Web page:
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Written by Jason Logsdon

Physical Product Case Study: Sous Vide Timing Ruler

One of the ways we tried to better monetize our food blog was through the creation of physical products. We tried to create products that would meet their needs and make cooking easier for them.

In sous vide cooking, one of the main ways you determine how long to cook something is based on its thickness. There are a lot of charts out there saying "if it's 2 inches thick this is how long it'll take" but you still need to figure out the thickness, then look the chart up on your computer, find the right column, and match them up.

We decided to create a Sous Vide Timing Ruler that would do this task much more efficiently. It would be a tool that people could use in their kitchens as they were preparing their food.

Sous vide thickness ruler 1

The ruler makes it easy to measure your food and has all the times on it a sous vide cook needs. It's made of plastic, so it is easy to wash off in the sink, which is important since it is around raw food. It is also something that we would personally use, which I think is important when creating products.

So we designed the ruler, found a printer, and had the rulers created. We also had a small instruction sheet made to go with it. We decided to have 500 of them made initially, based on expected demand plus the discounts you get for having more printed at one time.

Our total costs were:

  • 500 plastic rulers for $380 ($0.77 each)
  • 500 envelopes to mail them in for $32 ($0.07 each)
  • 500 instruction sheets for $85 ($0.17 each)
  • 500 stamps to mail them for $245 ($0.49 each)

We sold the rulers and collected the money using E-Junkie, which interfaces with PayPal. We pay $15 a month for E-Junkie but that is spread out among about 20 products we sell and is basically negligible.

So our total initial investment was about $500 since we don't buy the stamps until we sell them. That cost could have been reduced if we went with a smaller amount to start with, though the cost per ruler would go up. For example, to get 250 rulers printed it cost $300, or $1.20 per ruler, almost $0.50 more.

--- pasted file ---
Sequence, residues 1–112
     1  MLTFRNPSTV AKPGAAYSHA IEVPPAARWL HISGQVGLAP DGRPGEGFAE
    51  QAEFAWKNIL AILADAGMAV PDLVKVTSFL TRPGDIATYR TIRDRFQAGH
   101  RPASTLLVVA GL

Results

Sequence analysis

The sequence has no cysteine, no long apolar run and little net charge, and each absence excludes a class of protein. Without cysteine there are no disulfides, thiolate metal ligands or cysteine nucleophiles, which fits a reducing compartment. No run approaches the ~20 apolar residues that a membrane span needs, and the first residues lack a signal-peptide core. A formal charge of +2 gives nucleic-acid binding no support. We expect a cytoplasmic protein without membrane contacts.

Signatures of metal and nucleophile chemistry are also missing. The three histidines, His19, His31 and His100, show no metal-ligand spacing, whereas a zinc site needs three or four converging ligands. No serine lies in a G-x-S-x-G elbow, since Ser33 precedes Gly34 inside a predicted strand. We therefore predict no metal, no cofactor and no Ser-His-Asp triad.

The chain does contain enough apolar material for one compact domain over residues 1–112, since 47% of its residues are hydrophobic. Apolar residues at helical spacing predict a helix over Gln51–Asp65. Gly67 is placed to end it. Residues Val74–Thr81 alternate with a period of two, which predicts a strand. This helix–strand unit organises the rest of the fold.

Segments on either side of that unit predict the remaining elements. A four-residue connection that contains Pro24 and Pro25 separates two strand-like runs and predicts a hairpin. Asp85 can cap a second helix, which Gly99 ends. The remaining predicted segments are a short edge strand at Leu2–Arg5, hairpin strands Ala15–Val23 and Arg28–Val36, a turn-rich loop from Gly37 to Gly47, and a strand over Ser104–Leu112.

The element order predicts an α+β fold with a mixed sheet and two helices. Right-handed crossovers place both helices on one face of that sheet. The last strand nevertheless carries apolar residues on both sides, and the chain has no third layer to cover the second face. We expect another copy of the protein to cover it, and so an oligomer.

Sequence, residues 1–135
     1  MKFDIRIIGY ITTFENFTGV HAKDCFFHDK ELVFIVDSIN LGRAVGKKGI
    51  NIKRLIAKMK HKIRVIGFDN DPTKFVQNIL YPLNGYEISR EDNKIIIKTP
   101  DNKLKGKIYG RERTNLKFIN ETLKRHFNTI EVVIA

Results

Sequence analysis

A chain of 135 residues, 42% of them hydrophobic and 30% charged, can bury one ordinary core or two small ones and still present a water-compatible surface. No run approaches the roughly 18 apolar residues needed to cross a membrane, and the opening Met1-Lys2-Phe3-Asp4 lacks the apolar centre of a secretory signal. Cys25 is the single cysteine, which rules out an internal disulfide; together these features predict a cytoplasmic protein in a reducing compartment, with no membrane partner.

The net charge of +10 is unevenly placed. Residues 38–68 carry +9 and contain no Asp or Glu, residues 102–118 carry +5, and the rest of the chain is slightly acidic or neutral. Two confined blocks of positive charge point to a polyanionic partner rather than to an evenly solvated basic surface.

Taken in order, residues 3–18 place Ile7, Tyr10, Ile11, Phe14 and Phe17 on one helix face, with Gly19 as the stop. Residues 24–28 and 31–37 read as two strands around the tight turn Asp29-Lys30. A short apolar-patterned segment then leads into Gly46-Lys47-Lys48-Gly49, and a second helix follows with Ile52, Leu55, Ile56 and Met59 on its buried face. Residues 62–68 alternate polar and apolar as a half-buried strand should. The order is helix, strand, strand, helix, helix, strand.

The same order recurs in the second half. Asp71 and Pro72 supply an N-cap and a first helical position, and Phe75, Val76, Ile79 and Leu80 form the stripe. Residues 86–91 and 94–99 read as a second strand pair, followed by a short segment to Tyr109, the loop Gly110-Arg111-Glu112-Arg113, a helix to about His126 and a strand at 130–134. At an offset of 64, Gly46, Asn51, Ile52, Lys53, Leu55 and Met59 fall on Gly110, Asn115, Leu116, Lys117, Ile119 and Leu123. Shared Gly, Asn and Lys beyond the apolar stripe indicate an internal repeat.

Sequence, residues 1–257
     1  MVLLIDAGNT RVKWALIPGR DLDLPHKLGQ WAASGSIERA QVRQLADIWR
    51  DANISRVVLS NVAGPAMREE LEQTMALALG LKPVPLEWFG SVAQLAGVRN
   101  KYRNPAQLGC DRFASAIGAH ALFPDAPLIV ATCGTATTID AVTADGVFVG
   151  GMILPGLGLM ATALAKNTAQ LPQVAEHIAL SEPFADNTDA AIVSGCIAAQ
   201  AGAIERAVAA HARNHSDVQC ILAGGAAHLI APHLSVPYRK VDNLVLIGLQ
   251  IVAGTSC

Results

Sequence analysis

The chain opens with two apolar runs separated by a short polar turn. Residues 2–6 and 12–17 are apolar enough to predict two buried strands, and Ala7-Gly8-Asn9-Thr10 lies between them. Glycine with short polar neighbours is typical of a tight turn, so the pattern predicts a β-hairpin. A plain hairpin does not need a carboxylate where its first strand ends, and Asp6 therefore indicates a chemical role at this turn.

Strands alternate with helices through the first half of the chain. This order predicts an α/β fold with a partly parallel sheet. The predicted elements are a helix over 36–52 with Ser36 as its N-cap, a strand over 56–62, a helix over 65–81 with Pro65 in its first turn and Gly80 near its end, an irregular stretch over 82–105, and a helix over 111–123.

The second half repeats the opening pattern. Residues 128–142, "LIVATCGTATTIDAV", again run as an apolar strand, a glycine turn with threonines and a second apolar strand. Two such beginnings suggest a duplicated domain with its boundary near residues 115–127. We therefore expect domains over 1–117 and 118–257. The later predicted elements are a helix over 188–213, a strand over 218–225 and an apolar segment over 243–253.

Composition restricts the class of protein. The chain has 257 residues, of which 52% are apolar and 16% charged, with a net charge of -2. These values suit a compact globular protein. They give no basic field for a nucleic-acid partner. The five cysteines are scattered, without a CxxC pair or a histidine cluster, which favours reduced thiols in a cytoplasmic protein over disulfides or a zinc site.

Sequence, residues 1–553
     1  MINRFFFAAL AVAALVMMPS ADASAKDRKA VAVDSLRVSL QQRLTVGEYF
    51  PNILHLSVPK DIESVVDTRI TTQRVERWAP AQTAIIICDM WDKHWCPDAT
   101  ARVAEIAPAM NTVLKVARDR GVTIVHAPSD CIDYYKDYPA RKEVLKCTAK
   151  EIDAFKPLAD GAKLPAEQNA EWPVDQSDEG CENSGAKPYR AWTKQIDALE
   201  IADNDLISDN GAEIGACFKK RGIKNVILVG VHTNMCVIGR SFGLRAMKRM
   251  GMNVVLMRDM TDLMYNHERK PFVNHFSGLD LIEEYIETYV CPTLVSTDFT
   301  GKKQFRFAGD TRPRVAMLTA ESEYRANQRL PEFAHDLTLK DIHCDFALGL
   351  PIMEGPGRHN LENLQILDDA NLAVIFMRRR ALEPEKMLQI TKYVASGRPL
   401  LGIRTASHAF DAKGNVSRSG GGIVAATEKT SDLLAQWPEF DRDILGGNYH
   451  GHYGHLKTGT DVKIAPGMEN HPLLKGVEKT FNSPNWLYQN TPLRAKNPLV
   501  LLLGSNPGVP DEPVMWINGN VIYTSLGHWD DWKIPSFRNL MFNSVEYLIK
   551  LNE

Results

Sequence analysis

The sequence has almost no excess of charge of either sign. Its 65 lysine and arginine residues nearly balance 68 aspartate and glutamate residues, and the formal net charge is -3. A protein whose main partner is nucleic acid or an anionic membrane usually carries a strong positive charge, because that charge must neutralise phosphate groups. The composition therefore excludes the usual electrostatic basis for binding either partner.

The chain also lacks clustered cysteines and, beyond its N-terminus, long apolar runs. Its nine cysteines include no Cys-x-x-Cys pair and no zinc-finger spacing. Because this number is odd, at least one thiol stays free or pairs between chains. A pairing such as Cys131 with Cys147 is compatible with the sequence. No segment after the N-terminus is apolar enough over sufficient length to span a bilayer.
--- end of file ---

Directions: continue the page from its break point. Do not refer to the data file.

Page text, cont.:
All told, it currently costs us $1.49 to get a ruler into the hands of our readers. We sell the rulers for $7.99 which leaves us a profit of $6.50 per ruler sold. In order to recoup our initial investment of $500 we needed to sell 77 rulers.

Our initial marketing push was an email to our newsletter subscribers announcing the ruler and a giveaway of some rulers to our readers. Here is a look at that email:

  • Sous vide timing ruler email
  • Sous vide giveaway email ruler

You can see that it isn't very "salesy" and it still contains information that is useful to our readers even if they don't purchase the ruler. That's something we often try to do to make sure our readers stay happy and we don't come across as just trying to exploit them.

The day we sent the email we sold 192 rulers for a profit of $1,250, which fully recouped our initial investment. Over the rest of the year we sold another 182 rulers bringing our total profit to $2,400.

So our initial experience selling a physical product for use in the kitchen worked out very well. We won't get rich off the Sous Vide Timing Ruler but it was a good way to help put some money in our pockets while giving our readers something they really enjoy!

Jason logsdon headshot This article is by Jason Logsdon. I'm an adventurous home cook and the head writer, photographer, and programmer for Amazing Food Made Easy. I'll be sharing with you everything that I've learned about monetizing a food blog and hopefully I can help you acheive the same success through your blog as I have.